The Nepenthes plant can be an extremely durable plant, coming back from the dead. Durability varies upon species. In the wild, N. rafflesiana has been seen to come back after severe habitat burns from the lower bases of the old burned vines.
In cultivation, I have had certain Nepenthes species to come back from the crispy brown abyss. Plants that appeared dead for over 8 months suddenly budded near the base of the former stem. Even though the main stem and roots appeared dead (they truly could have been dead), the stem was still able to bud. I have had many species to appear dead for up to 3 months and fully recover, with 8 months being the longest time so far. Of course, I didn't really look at plants that had been dead for some time until the last couple of years, so I may have thrown away many a good plant unknowingly.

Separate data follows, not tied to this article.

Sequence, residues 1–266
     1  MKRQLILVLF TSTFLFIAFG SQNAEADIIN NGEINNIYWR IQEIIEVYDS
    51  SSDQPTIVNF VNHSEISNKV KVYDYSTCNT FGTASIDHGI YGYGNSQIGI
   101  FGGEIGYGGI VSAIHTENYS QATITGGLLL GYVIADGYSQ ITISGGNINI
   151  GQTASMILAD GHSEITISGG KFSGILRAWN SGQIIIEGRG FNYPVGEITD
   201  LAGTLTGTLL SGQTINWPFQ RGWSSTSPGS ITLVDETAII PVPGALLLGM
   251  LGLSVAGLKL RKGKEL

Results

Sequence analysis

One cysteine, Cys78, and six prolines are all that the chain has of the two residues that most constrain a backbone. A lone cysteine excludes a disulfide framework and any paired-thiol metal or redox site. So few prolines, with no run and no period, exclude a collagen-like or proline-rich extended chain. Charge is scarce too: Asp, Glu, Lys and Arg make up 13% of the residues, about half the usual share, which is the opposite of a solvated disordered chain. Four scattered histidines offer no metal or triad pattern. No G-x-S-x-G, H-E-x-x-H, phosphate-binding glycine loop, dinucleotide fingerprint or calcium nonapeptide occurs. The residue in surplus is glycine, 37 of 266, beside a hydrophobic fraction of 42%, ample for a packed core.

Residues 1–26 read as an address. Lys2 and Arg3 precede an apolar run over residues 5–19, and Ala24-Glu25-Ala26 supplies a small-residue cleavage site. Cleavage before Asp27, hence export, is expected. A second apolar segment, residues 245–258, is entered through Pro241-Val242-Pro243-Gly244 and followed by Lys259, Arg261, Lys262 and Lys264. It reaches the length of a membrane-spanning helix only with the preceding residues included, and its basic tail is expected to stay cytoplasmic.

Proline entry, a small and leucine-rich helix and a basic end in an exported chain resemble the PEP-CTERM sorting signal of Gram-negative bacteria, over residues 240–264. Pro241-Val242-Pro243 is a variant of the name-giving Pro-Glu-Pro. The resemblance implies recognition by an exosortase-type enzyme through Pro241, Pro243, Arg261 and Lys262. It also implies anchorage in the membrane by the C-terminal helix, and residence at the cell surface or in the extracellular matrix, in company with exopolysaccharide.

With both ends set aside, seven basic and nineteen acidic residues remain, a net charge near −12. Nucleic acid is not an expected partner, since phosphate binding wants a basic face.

The plant below is a plant that has appeared dead for 8 months. It was initially killed (or entered the brown crispy stage) back in July, 2000, when we had our unfortunate greenhouse overheating incident. It remained in this state, and endured 30 degree low temps for about a week during the winter. I ripped it out of its pot to throw it away when I noticed something.
Although a little difficult to see in the picture, a new bud is shoot from the lower base of the stem.
The lesson here is to not throw away a Nepenthes that has appeared to die, at least in the near term. Keep growing it in the same conditions. It may take some time, but there's a chance it may come back. Based upon my experience, I would keep plants for at least a year after they appeared to have died. Monitor the plant to ensure it doesn't start growing fungus or mold. Otherwise, leave it alone for an extended amount of time and see if it will resurrect itself.